H.R. Khanna, J.
1. Malkhan Singh (18) and Munshi Lal (22) were convicted by learned Additional Sessions Judge Aligarih for an offence under Section 307 read with Section 34 Indian Penal Code and were sentenced each to undergo rigorous imprisonment for a period of seven years. On appeal the Allahabad High Court altered the conviction of the two accused to that under Section 324 read with Section 34 Indian Penal Code and reduced the sentence to rigorous imprisonment for a period of two years. The two accused have now approached this Court in appeal by special leave.
2. The prosecution case is that on January 26, 1967 at about 7 p.m. , PW Jai Narain Sharma, an emplovee in the Sales Tax Office Hathras was going on cycle from Sasni to his vil-lage Birra. It was a night of full moon. Near a place called Qila, shots were fired from behind Jai Narain in his back. Jai Narain looked back and he saw the two accused coming on a cycle. Malkhan Singh was on the saddle of the cycle, while Munshi Lal was sitting behind. Munshi Lal was holding a pistol at that time. The two accused then went ahead of Jai Narain. Jai Narain also followed them on his cycle. At a distance of about three or three-and-a-ihalf furlongs from the place of occurrence is a factory known as Shyam Glass Factory. Jai Narain raised alarm, whereupon the two accused leaving their cycle, went inside an arhar field. Persons present outside the factory including Radhey Shyam (PW 2), who had seen the accused in the electric light, then went towards the field but did not go forward out of fear. The cycle left by the accused was taken into possession. Jai Narain was then taken to the Police Station Sasni where he made a report regarding the incident. Jai Narain was examined by Dr. Ishwar Chandra Bhuttan, the same evening at 8 p.m. The doctor found multiple gun-shot wounds each 178' x 1/8' on the lower part of the back of Jai Narain in an area of 5 1/2' x 5'. Some of the injuries were 1/8' deep, while others were superficial. The injuries were declared by the doctor to be simple in nature.
3, The two accused surrender ed on July 7, 1967. An identification parade of the two accused was held by Shri Bindraban Sub Divisional Magistrate on July 29, 1967. The two accused were correctly identified by Jai Narain and Radhey Shyam PWs at the identification parade.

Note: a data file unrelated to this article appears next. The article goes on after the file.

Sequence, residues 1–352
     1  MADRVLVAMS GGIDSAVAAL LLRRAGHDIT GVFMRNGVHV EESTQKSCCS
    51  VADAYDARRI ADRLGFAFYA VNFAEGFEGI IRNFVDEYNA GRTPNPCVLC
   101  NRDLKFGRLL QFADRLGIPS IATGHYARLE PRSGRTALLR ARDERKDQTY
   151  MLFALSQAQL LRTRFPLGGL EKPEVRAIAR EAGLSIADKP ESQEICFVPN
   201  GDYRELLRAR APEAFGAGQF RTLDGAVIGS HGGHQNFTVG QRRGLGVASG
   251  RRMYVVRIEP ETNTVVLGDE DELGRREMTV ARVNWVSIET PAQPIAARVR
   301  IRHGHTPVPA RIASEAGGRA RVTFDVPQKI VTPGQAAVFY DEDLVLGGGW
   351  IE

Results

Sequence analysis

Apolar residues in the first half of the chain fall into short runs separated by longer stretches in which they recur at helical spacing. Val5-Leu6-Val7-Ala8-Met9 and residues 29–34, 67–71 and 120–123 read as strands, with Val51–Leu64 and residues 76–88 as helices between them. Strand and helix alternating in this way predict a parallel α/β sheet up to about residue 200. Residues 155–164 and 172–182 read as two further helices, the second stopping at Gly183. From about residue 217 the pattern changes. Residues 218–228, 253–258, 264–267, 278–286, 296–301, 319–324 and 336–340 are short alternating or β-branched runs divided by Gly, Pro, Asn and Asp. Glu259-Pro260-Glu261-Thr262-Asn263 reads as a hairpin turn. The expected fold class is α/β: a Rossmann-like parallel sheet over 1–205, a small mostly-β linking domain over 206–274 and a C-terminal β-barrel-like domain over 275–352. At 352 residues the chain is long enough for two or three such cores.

4. At the trial the plea of the two accused was denial simpliciter. The trial Court held that it was Munshi Lal who fired the shot at Jai Narain and, as such, caused him injuries. Malkhan Singh was oonvicted under Section 307 read with Section 34 Indian Penal Code, because the trial Court was of the view that the injuries were caused to Jai Narain in furtherance of the common intention of the two accused.
5. The High Court in appeal came to the conclusion, in view of the nature of the injuries, that the case against the accused fell under Section 324 read with Section 34 Indian Penal Code.
6. In this Court, Mr. Kohli has challenged the conviction of the two a.ppellants and has argued that the evidence adduced in this case is not sufficient to warrant the conviction of the accused and to establish their complicity. As against that, Mr. Rana on behalf of the State has canvassed for the correctness of the view taken by the High Court. In this connection we find that so far as Munshi Lal's case is concerned, Jai Narain (PW 1) has de-posed that when he was shot at in his back, he looked behind and saw Munshi Lal holding a pistol in his hand. Jai Narain did not know Munshi Lal and we find no particular reason as to why Jai Narain should falsely depose against Munshi Lal. It is difficult to believe that an injured person would spare his real assailant and falsely involve another person as one responsible far causing him injury. The fact that Munshi Lal was seen holding a pistol in his hand by Jai Narain immediately after being shot at goes to show that it was Munshi. Lal who had fired the shot at Jai Narain. Munshi Lal was also identified near the Glass Works by Radhey Shyam when Jai Narain raised an alarm. The conduct of Munshi Lal in then running away to arhar field lends further assurance to the inference of his complicity. In the circumstances, we find no sufficient ground to interfere with the conviction of Munshi Lal.
7. As regards Malkhan Singh, however, question arises whether the shot was fired by Munshi Lal in furtherance of the common intention of Munshi Lal and Malkhan Singh. There is no evidence to show that Malkhan Singh had in any way instigated Munshi Lal to fire at Jai Narain. Malkhan Singh and Jai Narain were not known to each other and there was no previa ous enmity between them. Malkhan Singh as such had no motive for the assault on Jai Narain. There is alsc no other material which might indicate that Munshi Lal fired the shot in furtherance of the common intention which he shared with Malkhan Singh. The fact that Malkhan Singh continued to pedal the cycle after the incident and that he too ran away with Munshi Lal, would not necessarily go to show that the shot had been fired by Munshi Lal in furtherance of the common intention of the two accused. It is not difficult to conceive of cases wherein innocent companions of the actual culprit have also tried to escape along with him after an incident. Looking to all the facts of the case, we are of opinion that no vicarious liability can be fastened on Malkhan Singh for the shot fired by Munshi Lal and that the offence under Section 324 read with Section 34 Indian Penal Code has not been brought home to Malkhan Singh.
8. We accordingly accept the appeal of Malkhan Singh, set aside his conviction and acquit him. The appeal of Munshi Lal fails and is dismissed. Munshi Lal, who is on bail. shall surrender to his bail bond.